4/6 Building an address book error: Did you remember to call list(); after creating it?


// code:

var bob = {
firstName: "Bob",
lastName: "Jones",
phoneNumber: "(650) 777-7777",
email: "bob.jones@example.com"

var mary = {
firstName: "Mary",
lastName: "Johnson",
phoneNumber: "(650) 888-8888",
email: "mary.johnson@example.com"

var contacts = [bob, mary];

function printPerson(person) {
console.log(person.firstName + " " + person.lastName);

function list() {
var contactsLength = contacts.Length;
for(var i = 0; i < contactsLength; i++) {



I see other posts about this but none solve the problem. I keep getting the error "Did you remember to call list(); after creating it?" and I cannot figure it out. Any help would be greatly appreciated!


Your code looks fine. Are you getting the output in the terminal that is expected?

Bob Jones
Mary Johnson

It's worth noting, also, that function declarations and for statements do no end with a semi-colon. Only function expressions do.

var myFunc = function () {
    // anonymous function expression

function foo(){
    // function declaration
for (var i; ... ) {
    // for statement


Thanks, Roy! No, I do not get the expected results. Instead, I keep getting the error "Did you remember to call list(); after creating it?". Any idea what may be wrong? (I've refreshed the browser.) Thanks for the tips re semi-colon! While we're at it, could you explain the (practical) difference between a 'function declaration' and 'function expression'?


A declaration is immutable. The function cannot be removed, modified or renamed. At load time the entire function is hoisted to the top of its scope. It's name is an identifier which can be thought of as intrinsic in the stored object. Declared functions can be written anywhere in the code, above or below the references to them.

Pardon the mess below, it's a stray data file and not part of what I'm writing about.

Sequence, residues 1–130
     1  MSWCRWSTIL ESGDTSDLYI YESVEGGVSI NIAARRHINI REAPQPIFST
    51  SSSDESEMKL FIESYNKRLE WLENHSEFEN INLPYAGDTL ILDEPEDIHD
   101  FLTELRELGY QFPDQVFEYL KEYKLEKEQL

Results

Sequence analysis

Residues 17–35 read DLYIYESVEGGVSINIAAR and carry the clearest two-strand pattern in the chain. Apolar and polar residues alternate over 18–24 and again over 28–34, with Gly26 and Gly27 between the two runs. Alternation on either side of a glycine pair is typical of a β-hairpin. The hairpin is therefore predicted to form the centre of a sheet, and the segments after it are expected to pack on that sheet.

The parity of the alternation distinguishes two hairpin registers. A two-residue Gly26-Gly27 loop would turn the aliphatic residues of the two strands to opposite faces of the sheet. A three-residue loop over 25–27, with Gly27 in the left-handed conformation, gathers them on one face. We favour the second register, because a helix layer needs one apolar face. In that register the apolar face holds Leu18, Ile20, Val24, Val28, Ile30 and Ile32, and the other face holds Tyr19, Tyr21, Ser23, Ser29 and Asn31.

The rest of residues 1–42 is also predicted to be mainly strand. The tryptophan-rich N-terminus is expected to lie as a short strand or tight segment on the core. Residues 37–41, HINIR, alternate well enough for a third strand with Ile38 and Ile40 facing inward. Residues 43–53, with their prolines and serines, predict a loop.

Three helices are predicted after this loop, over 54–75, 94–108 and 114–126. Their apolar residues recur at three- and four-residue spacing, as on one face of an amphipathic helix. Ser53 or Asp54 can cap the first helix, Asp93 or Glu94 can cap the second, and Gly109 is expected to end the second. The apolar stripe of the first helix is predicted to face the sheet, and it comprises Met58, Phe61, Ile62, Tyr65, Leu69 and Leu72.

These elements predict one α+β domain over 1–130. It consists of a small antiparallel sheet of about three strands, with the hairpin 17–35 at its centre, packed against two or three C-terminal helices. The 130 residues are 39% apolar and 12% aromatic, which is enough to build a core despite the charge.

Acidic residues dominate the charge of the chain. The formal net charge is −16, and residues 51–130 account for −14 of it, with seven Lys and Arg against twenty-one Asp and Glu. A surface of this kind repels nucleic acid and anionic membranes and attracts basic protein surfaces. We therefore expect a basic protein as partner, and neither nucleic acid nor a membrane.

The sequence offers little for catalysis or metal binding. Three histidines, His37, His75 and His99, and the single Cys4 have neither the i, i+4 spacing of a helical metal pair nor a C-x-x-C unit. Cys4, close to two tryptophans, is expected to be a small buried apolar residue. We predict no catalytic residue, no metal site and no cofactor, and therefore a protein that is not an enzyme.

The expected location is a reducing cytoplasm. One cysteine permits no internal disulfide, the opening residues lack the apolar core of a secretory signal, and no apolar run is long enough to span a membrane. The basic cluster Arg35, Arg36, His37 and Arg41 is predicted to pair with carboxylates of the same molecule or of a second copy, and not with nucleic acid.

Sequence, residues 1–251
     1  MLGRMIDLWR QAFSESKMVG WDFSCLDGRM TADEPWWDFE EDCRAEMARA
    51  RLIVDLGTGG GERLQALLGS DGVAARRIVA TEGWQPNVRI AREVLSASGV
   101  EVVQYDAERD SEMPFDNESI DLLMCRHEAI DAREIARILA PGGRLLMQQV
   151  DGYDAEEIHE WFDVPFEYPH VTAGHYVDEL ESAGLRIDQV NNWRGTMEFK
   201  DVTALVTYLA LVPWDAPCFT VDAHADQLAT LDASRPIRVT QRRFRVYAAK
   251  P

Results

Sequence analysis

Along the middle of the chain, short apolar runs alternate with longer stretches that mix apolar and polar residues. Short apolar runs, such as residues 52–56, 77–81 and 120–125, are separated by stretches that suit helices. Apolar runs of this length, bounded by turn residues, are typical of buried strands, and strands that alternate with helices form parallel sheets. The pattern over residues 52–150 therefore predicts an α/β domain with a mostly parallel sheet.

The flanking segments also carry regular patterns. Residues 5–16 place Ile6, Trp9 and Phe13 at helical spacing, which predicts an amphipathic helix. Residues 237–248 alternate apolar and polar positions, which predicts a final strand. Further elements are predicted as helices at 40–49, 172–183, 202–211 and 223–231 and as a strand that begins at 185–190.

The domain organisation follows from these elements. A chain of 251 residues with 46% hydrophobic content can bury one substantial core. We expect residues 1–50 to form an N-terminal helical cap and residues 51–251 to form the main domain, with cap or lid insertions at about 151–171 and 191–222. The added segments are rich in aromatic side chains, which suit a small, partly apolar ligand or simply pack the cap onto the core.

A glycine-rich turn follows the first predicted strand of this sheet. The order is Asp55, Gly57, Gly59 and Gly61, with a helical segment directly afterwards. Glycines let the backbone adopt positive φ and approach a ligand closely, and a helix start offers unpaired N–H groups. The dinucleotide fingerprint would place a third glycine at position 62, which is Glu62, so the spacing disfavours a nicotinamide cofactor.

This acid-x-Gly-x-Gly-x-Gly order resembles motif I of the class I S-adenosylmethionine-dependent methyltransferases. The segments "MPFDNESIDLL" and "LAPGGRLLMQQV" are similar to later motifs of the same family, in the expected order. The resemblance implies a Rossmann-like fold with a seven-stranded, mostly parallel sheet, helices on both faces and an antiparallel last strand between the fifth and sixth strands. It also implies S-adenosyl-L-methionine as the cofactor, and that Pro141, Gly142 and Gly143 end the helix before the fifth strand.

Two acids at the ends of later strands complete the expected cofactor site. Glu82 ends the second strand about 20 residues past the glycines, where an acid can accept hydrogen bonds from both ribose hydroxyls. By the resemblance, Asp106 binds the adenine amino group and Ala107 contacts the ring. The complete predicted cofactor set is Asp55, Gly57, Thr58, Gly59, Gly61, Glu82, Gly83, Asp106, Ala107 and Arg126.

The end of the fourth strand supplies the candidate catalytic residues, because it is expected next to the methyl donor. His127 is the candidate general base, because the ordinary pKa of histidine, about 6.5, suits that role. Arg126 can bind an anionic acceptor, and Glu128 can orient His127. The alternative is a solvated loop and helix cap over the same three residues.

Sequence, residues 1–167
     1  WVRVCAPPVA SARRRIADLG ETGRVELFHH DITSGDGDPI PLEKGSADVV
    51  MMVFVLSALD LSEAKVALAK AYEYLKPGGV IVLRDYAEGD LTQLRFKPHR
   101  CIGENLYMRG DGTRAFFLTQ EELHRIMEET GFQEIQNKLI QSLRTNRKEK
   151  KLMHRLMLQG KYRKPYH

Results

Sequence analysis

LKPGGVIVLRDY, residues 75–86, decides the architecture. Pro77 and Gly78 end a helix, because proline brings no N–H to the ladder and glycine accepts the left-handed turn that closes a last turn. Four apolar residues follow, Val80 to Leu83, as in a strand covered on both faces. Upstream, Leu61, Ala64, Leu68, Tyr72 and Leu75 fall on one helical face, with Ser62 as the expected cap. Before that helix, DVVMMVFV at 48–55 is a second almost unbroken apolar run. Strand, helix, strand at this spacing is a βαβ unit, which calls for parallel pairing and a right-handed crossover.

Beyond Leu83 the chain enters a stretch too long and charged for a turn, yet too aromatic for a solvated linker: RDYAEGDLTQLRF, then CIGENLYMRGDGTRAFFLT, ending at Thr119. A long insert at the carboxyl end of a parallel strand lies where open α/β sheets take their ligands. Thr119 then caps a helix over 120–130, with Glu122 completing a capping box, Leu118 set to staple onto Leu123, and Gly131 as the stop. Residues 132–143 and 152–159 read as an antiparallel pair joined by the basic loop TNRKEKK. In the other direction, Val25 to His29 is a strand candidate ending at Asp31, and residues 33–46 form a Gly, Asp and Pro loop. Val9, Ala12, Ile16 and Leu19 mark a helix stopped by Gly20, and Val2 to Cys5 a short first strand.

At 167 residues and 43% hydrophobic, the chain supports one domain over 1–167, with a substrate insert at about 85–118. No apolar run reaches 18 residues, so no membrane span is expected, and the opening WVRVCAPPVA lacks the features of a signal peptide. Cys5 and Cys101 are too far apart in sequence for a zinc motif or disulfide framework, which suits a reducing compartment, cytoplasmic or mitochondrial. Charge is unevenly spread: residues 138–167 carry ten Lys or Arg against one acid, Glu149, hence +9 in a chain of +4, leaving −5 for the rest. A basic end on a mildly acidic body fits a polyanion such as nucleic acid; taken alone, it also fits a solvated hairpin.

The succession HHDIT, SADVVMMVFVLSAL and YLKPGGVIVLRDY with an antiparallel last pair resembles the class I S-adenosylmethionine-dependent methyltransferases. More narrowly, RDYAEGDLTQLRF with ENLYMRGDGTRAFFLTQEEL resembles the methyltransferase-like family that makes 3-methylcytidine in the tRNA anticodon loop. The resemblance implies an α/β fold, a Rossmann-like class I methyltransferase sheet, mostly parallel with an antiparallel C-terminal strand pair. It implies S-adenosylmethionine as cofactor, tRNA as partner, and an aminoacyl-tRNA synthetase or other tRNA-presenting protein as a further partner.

A function expression is just that, an expression. The variable is still an identifier, but not intrinsically. It is instead a pointer that can be made to refer to more than one object during the run of the program. The function is said to be anonymous. At load time, only the variable is hoisted to the top of its scope, not the expression (the case with all variables). For this reason, function expressions cannot be referred before they appear in the source listing.


Thanks,again! Any idea why my code is not producing the expected result?


As for advantages, they both have all the properties inherent in a Function object instance, with no differences. Anything we can do with one, we can do with the other (the earlier distinction notwithstanding).

Because they are expressions, anonymous functions can be written anywhere an expression is allowed. Not so with declared functions. They can only appear in global scope, or in function enclosures.


There is the error... L should be l. Sorry about that, I missed it first time through.


Ugh, thank you so much!


Hi joepatrick,

Did you ever in fact get an ANSWER to your error message? I am getting the same error, but the replies don't seem to actually say what is wrong with the code?



Recently challenged and proven to be not the case. Well the linter may flag it, but the compiler allows it. So a function can be unhinged by re-assignment of its name. There are less checks than previously thought.


error was due to contacts.Length; should read contacts.length; ...it's the little things at the Academy


I have input this exact code, with no help and yet it say I didn't log it.